This is the same type of plane my grandfather flew in bombing raids over Europe in WWII, a B-26 Martin Marauder. If you are interested, I highly recommend reading a little of it’s history here. Fascinating would be an undertstatement.
As many, though not all, of his generation did, he never would really talk about the war. The only comment I ever heard him say was more than enough to express how the war had stayed with him, deeply within him all these years later.
At a Memorial Day prayer, he said – “And Lord, we remember those we saw go down in burning flames.”
And that was enough.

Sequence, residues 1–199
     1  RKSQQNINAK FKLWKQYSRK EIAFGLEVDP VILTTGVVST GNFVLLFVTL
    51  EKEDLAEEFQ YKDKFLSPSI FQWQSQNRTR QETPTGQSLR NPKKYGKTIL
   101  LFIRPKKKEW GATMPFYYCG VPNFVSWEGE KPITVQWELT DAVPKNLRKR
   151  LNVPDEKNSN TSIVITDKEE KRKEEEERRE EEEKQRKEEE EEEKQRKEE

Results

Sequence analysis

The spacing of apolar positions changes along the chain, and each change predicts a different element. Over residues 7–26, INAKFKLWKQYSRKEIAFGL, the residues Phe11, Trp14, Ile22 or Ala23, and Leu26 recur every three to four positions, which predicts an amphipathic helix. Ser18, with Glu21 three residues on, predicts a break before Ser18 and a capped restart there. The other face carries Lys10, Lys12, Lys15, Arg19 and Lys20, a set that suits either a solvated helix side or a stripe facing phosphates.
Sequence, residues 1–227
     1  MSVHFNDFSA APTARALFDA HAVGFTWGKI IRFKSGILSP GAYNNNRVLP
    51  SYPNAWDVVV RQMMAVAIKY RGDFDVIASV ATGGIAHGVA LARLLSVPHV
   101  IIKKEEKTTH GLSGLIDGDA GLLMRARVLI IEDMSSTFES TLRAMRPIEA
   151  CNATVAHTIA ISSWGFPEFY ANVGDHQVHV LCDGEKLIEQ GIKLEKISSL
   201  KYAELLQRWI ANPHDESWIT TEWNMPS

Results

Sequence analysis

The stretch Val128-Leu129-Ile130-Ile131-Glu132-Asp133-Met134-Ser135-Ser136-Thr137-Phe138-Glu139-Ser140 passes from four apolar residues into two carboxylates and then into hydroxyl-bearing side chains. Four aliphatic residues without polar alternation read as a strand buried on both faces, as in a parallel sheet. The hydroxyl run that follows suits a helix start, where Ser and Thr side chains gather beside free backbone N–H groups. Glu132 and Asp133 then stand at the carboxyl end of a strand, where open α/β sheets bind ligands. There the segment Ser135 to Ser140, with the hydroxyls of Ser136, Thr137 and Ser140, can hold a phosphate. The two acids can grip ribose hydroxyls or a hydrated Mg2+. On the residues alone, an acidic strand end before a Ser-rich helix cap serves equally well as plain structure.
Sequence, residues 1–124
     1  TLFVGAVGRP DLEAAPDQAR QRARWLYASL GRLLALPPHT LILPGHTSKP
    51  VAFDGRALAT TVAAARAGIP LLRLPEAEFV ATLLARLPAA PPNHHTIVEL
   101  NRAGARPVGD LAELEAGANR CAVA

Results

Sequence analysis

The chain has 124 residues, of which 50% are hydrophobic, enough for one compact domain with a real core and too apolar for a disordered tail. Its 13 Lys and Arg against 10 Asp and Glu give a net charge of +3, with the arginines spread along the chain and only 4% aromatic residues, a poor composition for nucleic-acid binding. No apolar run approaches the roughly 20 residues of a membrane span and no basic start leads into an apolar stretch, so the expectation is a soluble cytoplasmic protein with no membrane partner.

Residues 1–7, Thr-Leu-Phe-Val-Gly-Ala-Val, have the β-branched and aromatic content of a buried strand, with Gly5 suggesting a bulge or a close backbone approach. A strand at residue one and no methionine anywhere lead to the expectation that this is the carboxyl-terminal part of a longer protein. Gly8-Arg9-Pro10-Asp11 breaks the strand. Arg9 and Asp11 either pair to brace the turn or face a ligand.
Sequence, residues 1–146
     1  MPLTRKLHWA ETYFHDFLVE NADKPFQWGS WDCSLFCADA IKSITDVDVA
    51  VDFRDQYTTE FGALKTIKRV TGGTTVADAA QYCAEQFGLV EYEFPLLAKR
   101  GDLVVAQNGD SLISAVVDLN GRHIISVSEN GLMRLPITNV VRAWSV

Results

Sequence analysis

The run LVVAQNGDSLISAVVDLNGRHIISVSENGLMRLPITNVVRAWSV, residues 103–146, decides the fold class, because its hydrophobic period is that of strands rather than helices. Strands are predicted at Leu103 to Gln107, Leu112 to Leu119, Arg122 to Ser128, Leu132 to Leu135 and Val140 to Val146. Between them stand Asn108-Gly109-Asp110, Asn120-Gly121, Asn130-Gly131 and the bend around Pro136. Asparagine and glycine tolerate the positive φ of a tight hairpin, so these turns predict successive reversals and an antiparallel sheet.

More than barely bringing his crew in over the white cliffs of Dover with only one engine working (found a newspaper clipping), and more than all of the missions completed or medals and awards he received.
All of those tell the tale of a great hero, but this statement tells the story of that hero’s heart.
Years of silence were betrayed in that one sentence.
I never asked him why he said it. I didn’t need to. Everything I needed to know was wrapped up inside those few words. His memories and his grief were once again his own. I’m forever grateful for that one phrase – for that small moment when he let me share his war experience with him. It was enough to spark in me, a young women caught up on her own world, a love and appreciation for the price of my freedom.